BESPAT: Good Practices in the Field of Personal and Household Services/Policy recommendations

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A collection and analysis of good practice in the field of personal and household services and proposals for an improvement of these services are the main outputs of the BESPAT project (co-financed by the European Commission), which came to an end in April 2016.

For more information you may consult the latest newsletter  (http://www.bespat.eu/index.php/actions/newsletter/mailing/view/listid-0/mailingid-7/listype-1) and the BESPAT website (http://www.bespat.eu).

 Please find here the final guide:

European Pillar of Social Rights: Raise your voice! Public consultation process now open!

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The European Commission recently launched a public consultation on the « European Pillar of Social Rights”. We would strongly recommend any interested organization/authority/person to participate in this consultation (which will be open until 31/12/2016) in order to raise his/her/its voice on the direction the EU/Eurozone should take when it comes to defending fundamental and social rights.

The Social Pillar won’t replace basic social rights such as they are expressed in EU primary law, but set a clearer, more detailed reference framework when it comes to the application of the different principles laid down in legislation.  According to the European Commission, the Social Pillar will become a major instrument for a screening of employment and social policies of the Member States and for the development of more coherent policy approaches in this area within the Eurozone.

We strongly encourage everybody to make himself/herself heard through this consultation – the “Social Pillar” will most probably have a strong influence on the future of the European social model…

“The role of the social economy in restoring economic growth and combating unemployment” – Committee of the Regions opinion adopted

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In its plenary session of 3 and 4 December 2015 the Committee of the Regions adopted its opinion “The role of the social economy in restoring economic growth and combating unemployment” (rapporteur: Luis Gomes, PT, EPP).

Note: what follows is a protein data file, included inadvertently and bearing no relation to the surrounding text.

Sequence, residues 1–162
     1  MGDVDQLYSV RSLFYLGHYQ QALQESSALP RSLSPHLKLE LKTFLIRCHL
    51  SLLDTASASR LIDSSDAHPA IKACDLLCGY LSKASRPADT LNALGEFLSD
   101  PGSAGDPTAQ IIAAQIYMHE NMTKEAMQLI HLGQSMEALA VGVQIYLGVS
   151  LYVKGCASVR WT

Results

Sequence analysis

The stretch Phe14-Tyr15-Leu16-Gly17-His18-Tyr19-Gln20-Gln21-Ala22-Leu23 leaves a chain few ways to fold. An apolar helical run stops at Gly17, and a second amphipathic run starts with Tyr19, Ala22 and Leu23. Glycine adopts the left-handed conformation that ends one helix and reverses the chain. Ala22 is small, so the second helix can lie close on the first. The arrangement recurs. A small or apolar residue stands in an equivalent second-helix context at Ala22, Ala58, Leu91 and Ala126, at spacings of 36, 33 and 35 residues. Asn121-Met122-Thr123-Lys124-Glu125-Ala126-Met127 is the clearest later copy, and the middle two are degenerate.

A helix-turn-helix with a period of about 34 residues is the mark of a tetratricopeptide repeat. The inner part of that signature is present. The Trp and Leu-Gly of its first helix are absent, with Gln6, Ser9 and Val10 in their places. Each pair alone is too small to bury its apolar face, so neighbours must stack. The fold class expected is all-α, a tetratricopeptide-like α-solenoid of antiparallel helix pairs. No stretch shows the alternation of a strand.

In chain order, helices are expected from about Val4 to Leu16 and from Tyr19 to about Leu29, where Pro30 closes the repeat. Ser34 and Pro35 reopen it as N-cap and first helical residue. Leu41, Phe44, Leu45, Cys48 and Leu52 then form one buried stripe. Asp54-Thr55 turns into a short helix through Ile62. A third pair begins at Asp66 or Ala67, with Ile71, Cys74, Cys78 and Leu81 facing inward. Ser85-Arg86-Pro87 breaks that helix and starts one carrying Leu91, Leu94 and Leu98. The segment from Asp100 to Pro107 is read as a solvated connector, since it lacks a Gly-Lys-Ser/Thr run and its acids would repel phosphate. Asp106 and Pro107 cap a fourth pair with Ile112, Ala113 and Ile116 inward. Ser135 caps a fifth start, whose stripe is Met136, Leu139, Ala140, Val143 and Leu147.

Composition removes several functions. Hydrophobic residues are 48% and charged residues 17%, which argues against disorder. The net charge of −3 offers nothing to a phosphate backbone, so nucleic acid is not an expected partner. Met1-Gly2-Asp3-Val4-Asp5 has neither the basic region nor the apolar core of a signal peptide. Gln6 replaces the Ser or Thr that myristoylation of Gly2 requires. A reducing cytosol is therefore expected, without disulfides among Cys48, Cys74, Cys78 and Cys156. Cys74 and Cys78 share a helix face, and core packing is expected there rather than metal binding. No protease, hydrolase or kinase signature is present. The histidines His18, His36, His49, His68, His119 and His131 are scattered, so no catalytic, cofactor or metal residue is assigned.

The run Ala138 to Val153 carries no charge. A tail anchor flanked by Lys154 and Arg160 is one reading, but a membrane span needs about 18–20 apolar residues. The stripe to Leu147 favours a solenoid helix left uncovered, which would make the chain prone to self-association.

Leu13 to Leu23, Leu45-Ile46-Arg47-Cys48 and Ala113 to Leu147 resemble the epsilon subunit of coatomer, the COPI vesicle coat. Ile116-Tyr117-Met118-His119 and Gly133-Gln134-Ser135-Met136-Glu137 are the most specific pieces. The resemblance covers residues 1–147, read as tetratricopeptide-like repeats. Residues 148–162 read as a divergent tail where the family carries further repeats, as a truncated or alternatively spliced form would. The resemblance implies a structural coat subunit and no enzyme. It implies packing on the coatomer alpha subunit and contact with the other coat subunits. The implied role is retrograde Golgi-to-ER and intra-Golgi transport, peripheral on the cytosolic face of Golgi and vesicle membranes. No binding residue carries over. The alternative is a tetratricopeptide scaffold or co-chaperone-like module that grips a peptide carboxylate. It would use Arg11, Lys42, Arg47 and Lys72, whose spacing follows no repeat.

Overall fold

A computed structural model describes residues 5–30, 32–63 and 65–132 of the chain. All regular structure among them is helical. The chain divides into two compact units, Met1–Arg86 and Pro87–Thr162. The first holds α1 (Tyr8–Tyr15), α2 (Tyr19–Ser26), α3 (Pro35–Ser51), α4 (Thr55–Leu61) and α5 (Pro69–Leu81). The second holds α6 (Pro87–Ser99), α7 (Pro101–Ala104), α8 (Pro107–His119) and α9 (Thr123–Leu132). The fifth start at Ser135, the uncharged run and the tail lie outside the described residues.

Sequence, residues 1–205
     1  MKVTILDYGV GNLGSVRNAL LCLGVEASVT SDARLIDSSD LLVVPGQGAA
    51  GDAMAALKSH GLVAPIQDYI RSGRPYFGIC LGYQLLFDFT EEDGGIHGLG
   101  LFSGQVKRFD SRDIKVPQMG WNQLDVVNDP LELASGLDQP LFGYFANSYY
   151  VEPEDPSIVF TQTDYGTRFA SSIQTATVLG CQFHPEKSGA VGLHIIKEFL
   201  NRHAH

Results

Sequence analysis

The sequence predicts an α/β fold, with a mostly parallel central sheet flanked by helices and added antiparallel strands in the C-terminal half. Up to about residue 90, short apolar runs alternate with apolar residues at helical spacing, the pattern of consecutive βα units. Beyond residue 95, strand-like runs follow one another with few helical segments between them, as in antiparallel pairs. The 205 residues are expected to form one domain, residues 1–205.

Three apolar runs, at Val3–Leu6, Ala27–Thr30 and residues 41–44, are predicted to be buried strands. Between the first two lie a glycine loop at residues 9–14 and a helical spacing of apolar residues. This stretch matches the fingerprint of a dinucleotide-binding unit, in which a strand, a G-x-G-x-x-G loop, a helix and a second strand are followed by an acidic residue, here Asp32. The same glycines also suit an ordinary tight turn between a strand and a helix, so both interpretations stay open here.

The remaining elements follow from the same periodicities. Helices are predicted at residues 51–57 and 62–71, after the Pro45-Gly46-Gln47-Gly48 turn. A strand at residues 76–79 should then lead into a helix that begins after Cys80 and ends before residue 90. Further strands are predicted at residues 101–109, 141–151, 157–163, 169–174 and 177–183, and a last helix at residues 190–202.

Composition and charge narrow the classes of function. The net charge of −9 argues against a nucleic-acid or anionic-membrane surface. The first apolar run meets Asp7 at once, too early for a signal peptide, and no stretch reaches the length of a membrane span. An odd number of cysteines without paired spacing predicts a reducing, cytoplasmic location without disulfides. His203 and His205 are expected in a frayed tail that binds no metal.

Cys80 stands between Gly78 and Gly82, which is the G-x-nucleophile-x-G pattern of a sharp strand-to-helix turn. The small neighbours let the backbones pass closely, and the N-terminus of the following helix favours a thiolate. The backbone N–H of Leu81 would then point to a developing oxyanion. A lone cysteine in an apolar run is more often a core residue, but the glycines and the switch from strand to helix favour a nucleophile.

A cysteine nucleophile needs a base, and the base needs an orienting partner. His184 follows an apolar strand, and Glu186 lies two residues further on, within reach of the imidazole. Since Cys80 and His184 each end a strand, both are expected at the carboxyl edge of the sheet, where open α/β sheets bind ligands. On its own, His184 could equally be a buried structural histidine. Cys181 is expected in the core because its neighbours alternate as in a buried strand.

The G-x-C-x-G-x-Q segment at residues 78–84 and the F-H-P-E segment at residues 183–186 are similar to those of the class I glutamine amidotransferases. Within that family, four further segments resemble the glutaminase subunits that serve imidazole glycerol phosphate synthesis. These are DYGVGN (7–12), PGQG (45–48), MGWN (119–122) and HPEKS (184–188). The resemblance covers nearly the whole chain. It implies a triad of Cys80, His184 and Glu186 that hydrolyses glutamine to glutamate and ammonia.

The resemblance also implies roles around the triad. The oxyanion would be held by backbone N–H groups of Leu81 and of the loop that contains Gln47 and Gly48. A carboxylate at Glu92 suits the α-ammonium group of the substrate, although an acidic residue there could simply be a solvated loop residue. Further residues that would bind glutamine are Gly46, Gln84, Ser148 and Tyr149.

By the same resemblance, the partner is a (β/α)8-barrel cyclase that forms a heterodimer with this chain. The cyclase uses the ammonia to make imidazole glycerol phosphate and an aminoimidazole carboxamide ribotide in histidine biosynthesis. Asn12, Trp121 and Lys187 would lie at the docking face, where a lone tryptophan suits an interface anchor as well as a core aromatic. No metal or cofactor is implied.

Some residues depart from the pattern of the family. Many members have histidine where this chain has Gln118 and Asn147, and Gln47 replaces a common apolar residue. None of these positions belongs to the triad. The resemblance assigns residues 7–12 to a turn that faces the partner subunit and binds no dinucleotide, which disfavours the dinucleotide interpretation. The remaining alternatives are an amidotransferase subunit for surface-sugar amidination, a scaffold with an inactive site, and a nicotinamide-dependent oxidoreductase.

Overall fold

This opinion is the first since a number of years (2002) in which the Committee of the Regions takes a clear position in favour of the social economy and partnerships between local/regional authorities and the social economy.

In the last months the REVES secretariat closely followed the CoR’s work on this document and was consulted several times.

COUNCIL CONCLUSIONS ON SOCIAL ECONOMY!

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At its meeting on 7 December 2015, almost twenty years after the first mentioning of social economy in a Council conclusion, the Council adopted the proposal of the Luxembourg Presidency for Council conclusions on “The promotion of the social economy as a key driver of economic and social development in Europe”.

Jens Nilsson, spokesperson of the intergroup on social economy at the European Parliament, qualified the date as historical for social economy.

 Indeed, it is an historical event, not only for social economy, but for the European project as such.

While recognising the role of social economy and its contribution to the pursuit of Europe 2020 goals, the Council underlines main principles of the social economy such as the primacy of people over capital and the  role of the social economy as a vehicle for social and economic cohesion in Europe.

It also acknowledges several times the importance of dialogue, partnership and community involvement and therewith points to the character of social economy which is founded on collective action and which has the capacity to act as a kind of “glue” for society.

Thus, the role of social economy goes beyond that of being an economic player among others. People make social economy for people and prove that an economy serving the  human being is not only possible, but also effective in  the pursuit of multiple objectives.

The Council, after inviting member States and Commission to “establish and further develop European, national, regional and local strategies and programmes for enhancing the social economy”, focuses on four main areas of intervention:

• awareness, recognition and education

• social innovation

• regulatory environment

• access to finance

Through these conclusions, the Council provides directions for policymaking, which Member States, by approving, committed to pursue. The Commission, on its part, receives a mandate to act.

Social economy, people of the social economy, have achieved such a result by the force of evidence, showing every day their capacity to adapt to changing environments without giving up their values. Finally, their consistency came out to be their strength.